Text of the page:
Weren’t We Paid to Imagine?

Photo by Miriam Espacio from Pexels

“It’s disheartening how creatives depend on others’ work for inspiration instead of making things from scratch. Aren’t we meant to use our own imagination first? I believe we are.”

What does being creative mean? I have my own definition, rather a vague one.

Creativity, for me, means unrestrained imagination, having a tilted perspective about the world, and … creating. Short and sweet.

Honestly, I haven’t ever sold an abstract painting for a million dollars, written a bestselling fairy tale, or even know how to draw a self-portrait.

Still, I’ve got a bunch of things to say – because this topic matters to me personally. And also because my profession largely (and somehow) keeps me involved in the creative process. 

What’s a creative’s job?

A creative’s responsibility is to make work that didn’t exist, making something new. In short, we’re paid to think what others can’t, see the world like others won’t, and to create what they don’t create.

Though, the overall creative practice is slowly shifting toward borrowing ideas from the internet, replicating, or producing second-hand stuff. That doesn’t feel right because fundamentally, we’re paid to imagine. That’s our first job. 

Sure, we can glue some ideas, feed our minds with culture, and even collate many thoughts together. I do that. Everybody does. But the initial process needs to begin within ourselves.

By jumping into seeing what others are doing without playing our part first, we only undermine ourselves, which in turn prevents us from contributing anything meaningful.

That needs to be fixed.

I think there’s a way out. 

What we can do instead

We have a natural creative process within us.

Whenever we do something, we ponder upon the given job and let loose our imagination. Then we come up with ideas. It’s philosophical but true.

When my kindergarten teacher handed me a paper to draw, I thought “Maybe I should draw an elephant.” Then I polished the rough idea. “Should the elephant have wings? Why can’t it be red?”

That was original, although naive. At least the idea began in my head, not from a magazine.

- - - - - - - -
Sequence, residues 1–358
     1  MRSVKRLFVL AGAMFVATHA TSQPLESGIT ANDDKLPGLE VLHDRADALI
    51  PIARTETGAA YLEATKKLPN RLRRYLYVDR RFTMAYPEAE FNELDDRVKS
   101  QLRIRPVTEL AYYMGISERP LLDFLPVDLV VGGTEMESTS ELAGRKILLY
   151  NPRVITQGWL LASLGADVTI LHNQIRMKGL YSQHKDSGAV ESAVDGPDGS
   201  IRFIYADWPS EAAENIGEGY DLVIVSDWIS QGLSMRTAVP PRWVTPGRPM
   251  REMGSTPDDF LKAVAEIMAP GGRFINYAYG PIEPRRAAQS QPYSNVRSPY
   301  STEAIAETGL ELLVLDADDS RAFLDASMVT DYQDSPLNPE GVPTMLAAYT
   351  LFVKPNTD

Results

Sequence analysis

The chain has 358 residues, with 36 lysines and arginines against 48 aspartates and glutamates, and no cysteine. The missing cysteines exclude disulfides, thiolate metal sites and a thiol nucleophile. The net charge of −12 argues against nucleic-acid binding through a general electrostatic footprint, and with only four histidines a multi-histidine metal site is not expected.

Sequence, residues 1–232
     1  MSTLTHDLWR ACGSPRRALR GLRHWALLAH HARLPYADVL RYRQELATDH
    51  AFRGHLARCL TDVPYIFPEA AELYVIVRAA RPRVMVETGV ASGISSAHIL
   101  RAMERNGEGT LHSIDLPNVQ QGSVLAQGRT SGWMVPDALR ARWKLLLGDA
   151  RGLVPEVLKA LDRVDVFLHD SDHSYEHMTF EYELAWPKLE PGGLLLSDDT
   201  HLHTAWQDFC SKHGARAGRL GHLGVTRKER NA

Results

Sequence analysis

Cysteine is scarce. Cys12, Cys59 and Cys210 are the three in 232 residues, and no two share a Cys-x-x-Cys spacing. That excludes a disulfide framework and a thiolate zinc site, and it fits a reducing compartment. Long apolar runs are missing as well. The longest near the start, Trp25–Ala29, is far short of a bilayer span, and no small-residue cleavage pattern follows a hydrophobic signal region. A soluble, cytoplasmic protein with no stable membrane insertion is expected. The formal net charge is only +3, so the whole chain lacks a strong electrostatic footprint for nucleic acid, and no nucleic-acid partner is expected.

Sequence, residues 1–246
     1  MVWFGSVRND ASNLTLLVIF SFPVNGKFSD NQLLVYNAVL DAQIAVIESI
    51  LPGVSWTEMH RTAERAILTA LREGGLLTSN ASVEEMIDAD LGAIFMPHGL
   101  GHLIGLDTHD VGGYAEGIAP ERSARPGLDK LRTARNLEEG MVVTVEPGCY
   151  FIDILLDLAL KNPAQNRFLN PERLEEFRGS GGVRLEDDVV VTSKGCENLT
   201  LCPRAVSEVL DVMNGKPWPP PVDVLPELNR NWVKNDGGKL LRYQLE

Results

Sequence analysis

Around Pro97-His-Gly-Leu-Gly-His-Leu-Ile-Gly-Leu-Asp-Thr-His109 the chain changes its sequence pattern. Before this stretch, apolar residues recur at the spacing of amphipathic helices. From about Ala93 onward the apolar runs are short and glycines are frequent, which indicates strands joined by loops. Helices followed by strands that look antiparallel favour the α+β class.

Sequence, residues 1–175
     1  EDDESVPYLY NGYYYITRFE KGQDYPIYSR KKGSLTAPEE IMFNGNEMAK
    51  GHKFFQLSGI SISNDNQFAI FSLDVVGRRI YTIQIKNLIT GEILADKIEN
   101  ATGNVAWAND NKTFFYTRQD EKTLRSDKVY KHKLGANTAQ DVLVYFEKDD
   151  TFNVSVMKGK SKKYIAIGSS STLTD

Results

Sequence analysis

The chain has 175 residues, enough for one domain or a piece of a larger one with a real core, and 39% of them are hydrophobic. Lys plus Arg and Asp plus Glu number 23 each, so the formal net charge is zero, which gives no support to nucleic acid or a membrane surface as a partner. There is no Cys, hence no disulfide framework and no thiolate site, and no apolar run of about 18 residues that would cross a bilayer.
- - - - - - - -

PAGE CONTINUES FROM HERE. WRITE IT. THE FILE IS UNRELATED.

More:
We were all original as children. We believed that we could make something out of nothing. And we didn’t fear failure.

But then things changed.

As we grew up, we began hunting for shiny formulas and ready-made references instead of trusting our creative abilities.

We boxed our brains, walked the textbook-roads, and chased the crowd. We became so desperate about being right that we stopped believing in our abilities. But still, nothing could replace the spark of starting from scratch and creating new stuff. 

Perhaps, if we do the following, we can regain our lost magic. 

  • Desire to break the norms
  • Have the courage to fail
  • Think the way others don’t
  • Create new ideas, even bad ones
  • Reinvent processes and norms
  • Start with a blank page

If we keep trying hard enough, then instead of digging Pinterest for ideas, browsing others’ bulk of work, and stuffing all creative work in our pockets, we’d finally be able to invent real, new ideas again.

And that shouldn’t be tough because that’s what we’re paid for. Somebody thought we could imagine. We thought we could. And that’s why we’re here, in creative professions and making our professions creative. 

We’re paid to imagine, aren’t we? Now let’s be worth our salt. Let’s get back to doing we exist for. Let’s be gods of something.